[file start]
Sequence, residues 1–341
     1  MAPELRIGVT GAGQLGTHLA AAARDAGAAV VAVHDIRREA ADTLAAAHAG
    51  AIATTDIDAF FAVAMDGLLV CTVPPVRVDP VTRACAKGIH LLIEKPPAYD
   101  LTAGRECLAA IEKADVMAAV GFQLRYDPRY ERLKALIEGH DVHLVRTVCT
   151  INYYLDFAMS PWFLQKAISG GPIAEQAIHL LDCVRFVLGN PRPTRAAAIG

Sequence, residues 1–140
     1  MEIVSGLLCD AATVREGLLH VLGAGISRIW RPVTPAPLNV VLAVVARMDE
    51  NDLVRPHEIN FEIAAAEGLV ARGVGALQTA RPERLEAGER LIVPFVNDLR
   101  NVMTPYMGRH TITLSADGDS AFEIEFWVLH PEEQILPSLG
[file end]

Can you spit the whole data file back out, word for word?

Sequence, residues 1–341
     1  MAPELRIGVT GAGQLGTHLA AAARDAGAAV VAVHDIRREA ADTLAAAHAG
    51  AIATTDIDAF FAVAMDGLLV CTVPPVRVDP VTRACAKGIH LLIEKPPAYD
   101  LTAGRECLAA IEKADVMAAV GFQLRYDPRY ERLKALIEGH DVHLVRTVCT
   151  INYYLDFAMS PWFLQKAISG GPIAEQAIHL LDCVRFVLGN PRPTRAAAIG

Sequence, residues 1–140
     1  MEIVSGLLCD AATVREGLLH VLGAGISRIW RPVTPAPLNV VLAVVARMDE
    51  NDLVRPHEIN FEIAAAEGLV ARGVGALQTA RPERLEAGER LIVPFVNDLR
   101  NVMTPYMGRH TITLSADGDS AFEIEFWVLH PEEQILPSLG